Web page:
2011 must have been a heady, dreamy time at Rhubarb Bomb. In the sheer name of journalism, I ‘invested’ in buying every #1 issue of the re-launched DC Comics range, then wrote an article about the experience.
I’ve no idea how I suddenly had £150 spare to pull this off. I had just invested my cashed-in pension on creating Long Division festival, so maybe I had some spare change leftover.
I’m glad I did though – that first, weird leap has now me led to this point where I’ve been reading comics for five years. The early buzz has indeed passed; the slow and inevitable realisation that it is the same as any other creative industry in that it is 90% mass produced dross and you really have to dig for the great stuff.
When it works it is a powerful medium. DC and Marvel may be the biggest things in the universe right now, their movies possibly the last gasp of an industry sure to collapse as Art, Theatre and Music have. And it may be easy to mock the more mainstream works but – as is the case on those aforementioned mediums – those obvious works are needed to draw in the newbies, as I was by the DC New 52 re-launch.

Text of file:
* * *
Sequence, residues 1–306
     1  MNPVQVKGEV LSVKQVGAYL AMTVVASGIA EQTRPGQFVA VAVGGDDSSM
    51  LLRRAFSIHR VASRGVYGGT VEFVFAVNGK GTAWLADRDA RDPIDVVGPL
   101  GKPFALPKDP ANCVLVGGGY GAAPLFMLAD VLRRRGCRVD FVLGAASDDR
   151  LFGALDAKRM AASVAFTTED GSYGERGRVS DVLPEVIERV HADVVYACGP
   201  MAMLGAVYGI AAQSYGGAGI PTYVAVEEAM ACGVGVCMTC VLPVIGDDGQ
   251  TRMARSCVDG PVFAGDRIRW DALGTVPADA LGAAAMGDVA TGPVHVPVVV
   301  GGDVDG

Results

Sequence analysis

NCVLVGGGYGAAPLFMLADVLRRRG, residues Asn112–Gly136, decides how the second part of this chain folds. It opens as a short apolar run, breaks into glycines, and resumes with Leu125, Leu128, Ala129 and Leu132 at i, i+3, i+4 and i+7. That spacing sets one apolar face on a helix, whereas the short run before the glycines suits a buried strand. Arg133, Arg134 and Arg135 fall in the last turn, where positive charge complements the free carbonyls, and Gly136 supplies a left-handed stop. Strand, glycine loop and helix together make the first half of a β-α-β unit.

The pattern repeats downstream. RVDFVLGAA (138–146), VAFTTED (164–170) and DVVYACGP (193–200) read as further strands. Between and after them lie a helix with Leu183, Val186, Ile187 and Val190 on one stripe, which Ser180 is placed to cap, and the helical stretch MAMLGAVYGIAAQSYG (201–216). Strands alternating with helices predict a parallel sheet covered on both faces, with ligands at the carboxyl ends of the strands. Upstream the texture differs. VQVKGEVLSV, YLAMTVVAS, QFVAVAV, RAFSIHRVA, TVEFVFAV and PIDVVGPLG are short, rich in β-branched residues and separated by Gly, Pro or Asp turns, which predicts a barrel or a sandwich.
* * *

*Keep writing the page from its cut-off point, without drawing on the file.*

Of the 52 Comic lines, I kept on with some (Action Comics, Batman, Justice League, Deathstroke, Green Lantern Corps) for a time with the latter two dropped after their initial arcs were done. The Batman run, which has just completed was sheer brilliance from start to finish, a vast story that simply could not exist as a film or a novel.
That hook led me to some great experiences, with The Manhattan Project, From Hell, Multiversity, The Filth and The League Of Extraordinary Gentlemen now taking up part of two full bookshelves in the front room.
As a musician and former self-appointed music journo working daily in the music industry, music as a whole struggles to maintain its mystique – the strings have long been revealed, the tricks too obvious, the game too clear. Comics were something new.
Five years later, DC have re-launched their line again, practically wiping much of the last five years from the continuity which makes it feel like a good time to jump off, even though the new approach may produce better results across the line as a whole.
I’ve looked around online to see if those 52 issues could possibly be worth their original value, or more. They are so mass produced now that the idea of a first issue being worth a fortune is just crazy, though Batman #1 has been going for around $100 to gullible people on eBay.
But it does make me wonder; if I can make my money back, what strange new world could I explore with a bit of cash in my back pocket?
(Here is the eBay listing, if you are interested)